terbium


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terbium

(tûr`bēəm) [from Ytterby, a village in Sweden], metallic chemical element; symbol Tb; at. no. 65; at. wt. 158.92535; m.p. 1,356°C;; b.p. 3,123°C;; sp. gr. about 8.25; valence +3 or +4. Terbium is a soft, malleable, ductile, silver-gray metal. It is one of the rare-earth metalsrare-earth metals,
in chemistry, group of metals including those of the lanthanide series and actinide series and usually yttrium, sometimes scandium and thorium, and rarely zirconium. Promethium, which is not found in nature, is not usually considered a rare-earth metal.
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 of the lanthanide serieslanthanide series,
a series of metallic elements, included in the rare-earth metals, in Group 3 of the periodic table. Members of the series are often called lanthanides, although lanthanum (atomic number 57) is not always considered a member of the series.
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 in Group 3 of the periodic tableperiodic table,
chart of the elements arranged according to the periodic law discovered by Dmitri I. Mendeleev and revised by Henry G. J. Moseley. In the periodic table the elements are arranged in columns and rows according to increasing atomic number (see the table entitled
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. It does not tarnish rapidly in air. Its oxide, terbia, Tb2O3, is white; its peroxide, Tb4O7, is dark brown to black. Most of the salts are colorless or white and all contain trivalent terbium. The element and its compounds have limited commercial importance; some minor uses are in lasers, semiconductor devices, and phosphors for color television picture tubes. Terbium is found in gadolinite, cerite, and other rare-earth minerals and is recovered from euxenite, monazite, and zenotime. It is difficult to separate it from the other rare-earth metals; several methods are used. The pure metal may be produced by chemical reduction of the halide with calcium. The element was discovered in 1843 by C. G. Mosander as its oxide, which he called erbia. The element has been known as terbium since 1877.
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The following article is from The Great Soviet Encyclopedia (1979). It might be outdated or ideologically biased.

Terbium

 

Tb, the chemical element with atomic number 65 and atomic weight 158.9254; a rare-earth metal and a lanthanide.

The Great Soviet Encyclopedia, 3rd Edition (1970-1979). © 2010 The Gale Group, Inc. All rights reserved.

terbium

[′tər·bē·əm]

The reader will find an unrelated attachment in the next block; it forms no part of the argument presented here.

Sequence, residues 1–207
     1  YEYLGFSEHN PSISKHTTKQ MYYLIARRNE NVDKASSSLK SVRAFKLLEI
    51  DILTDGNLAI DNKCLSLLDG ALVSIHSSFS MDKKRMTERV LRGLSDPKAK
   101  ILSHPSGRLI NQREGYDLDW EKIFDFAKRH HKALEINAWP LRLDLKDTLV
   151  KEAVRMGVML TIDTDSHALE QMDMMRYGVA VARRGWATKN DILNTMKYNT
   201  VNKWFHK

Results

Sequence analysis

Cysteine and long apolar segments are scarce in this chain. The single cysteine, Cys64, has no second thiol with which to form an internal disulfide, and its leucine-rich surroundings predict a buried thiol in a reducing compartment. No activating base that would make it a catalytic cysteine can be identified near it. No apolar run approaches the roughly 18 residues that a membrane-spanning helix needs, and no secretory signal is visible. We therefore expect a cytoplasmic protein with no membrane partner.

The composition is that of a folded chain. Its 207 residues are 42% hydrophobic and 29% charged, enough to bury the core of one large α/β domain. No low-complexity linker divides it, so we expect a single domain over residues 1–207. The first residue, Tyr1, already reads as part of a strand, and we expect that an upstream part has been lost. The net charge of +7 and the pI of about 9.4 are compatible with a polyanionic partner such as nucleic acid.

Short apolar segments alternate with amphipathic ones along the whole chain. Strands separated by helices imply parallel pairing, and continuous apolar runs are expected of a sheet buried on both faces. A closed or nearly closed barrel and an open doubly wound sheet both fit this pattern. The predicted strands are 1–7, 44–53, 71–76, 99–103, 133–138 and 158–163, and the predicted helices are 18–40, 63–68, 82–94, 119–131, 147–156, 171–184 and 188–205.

(chemistry)
A rare-earth element, symbol Tb, in the yttrium subgroup of the transition elements, atomic number 65, atomic weight 158.9254.
McGraw-Hill Dictionary of Scientific & Technical Terms, 6E, Copyright © 2003 by The McGraw-Hill Companies, Inc.

terbium

a soft malleable silvery-grey element of the lanthanide series of metals, occurring in gadolinite and monazite and used in lasers and for doping solid-state devices. Symbol: Tb; atomic no.: 65; atomic wt.: 158.92534; valency: 3 or 4; relative density: 8.230; melting pt.: 1356°C; boiling pt.: 3230°C
Collins Discovery Encyclopedia, 1st edition © HarperCollins Publishers 2005
References in periodicals archive ?
The usual approach for analytical methods based on terbium luminescence consists in the use of terbium-sensitized luminescence (TSL).
Due to the lack of such description in the current state of the art, novel theoretical explanation of the relationship of photoluminescence effect and photocatalytic activity and the surface properties of Ti[O.sub.2] doped with terbium has been presented.
(47) Deposits in Canada, owned by Great Western Minerals Group (GWMC), show promise of having dysprosium and terbium (needed for increased magnet coercivity).
earth elements (HREEs), such as, dysprosium, terbium, neodymium,
Scientists discovered that the addition of other REEs (terbium or dysprosium) to the NdFeB alloy helped to increase its coercivity.
Yttrium, ytterbium, erbium and terbium are all named for Ytterby; many other rare earths have Scandinavian names, such as holmium, named for Stockholm, and scandium, named for Scandinavia.
The rare earth sector covers companies with operations involving exploration, extraction, transport, processing or any other business involving any of the following 17 rare earth elements: Scandium, Yttrium, Lanthanum, Lutetium, Ytterbium, Thulium, Erbium, Holmium, Dysprosium, Terbium, Gadolinium, Europium, Samarium, Promethium, Neodymium, Praseodymium, and Cerium.
"People look upon rare earths as one entity, but the demand may be great for terbium, for example, and not all that great for some others," he said.
Reported assays for Heavy REE's include Terbium (Tb) with grades up to 20.3 ppm (g/t) and Ytterbium (Yb) with grades up to 31.3 ppm (g/t) while reported light rare earth metals include Cerium (Ce) with grades up to 459 ppm (g/t) and Lanthanum (La) with grades up to 1,300 ppm (g/t).
Uses of Specific Rare Earth Elements Magnets Magnets for Batteries for Wind for Element Vehicles Turbines Vehicles Lighting Yttrium X Dysprosium X X Terbium X Europium X Samarium X X Nepdymium X X X Praesodymium X X X Cerium X X Lanthanum X X Source: U.S.
Resin Batch Composition Esthet X 0708000242 UDMA, Bis-GMA, Bis-EMA, TEGDMA 60 vol% of fluor-aluminum boron barium silicate glass with particles sized 0.6-0.8 [micro]m and silica nanoparticles (0.04 nm) 4 Seasons K27335 Bis-GMA, TEGDMA, UDMA 76 wt% of barium glass filler, trifluor terbium, Ba-Al fluor silicate glass and dispersed silica with filler particles sized 0.04-3.0 [micro]m, and filler average size of 0.6 [micro]m Table 2--Mouthwashes, pH, compositions and batches.
[15.] Burnham D., Eyring L., Kordis J.: "High-temperature X-ray diffraction studies of the terbium oxide-oxygen and mixed cerium terbium oxide-oxygen systems".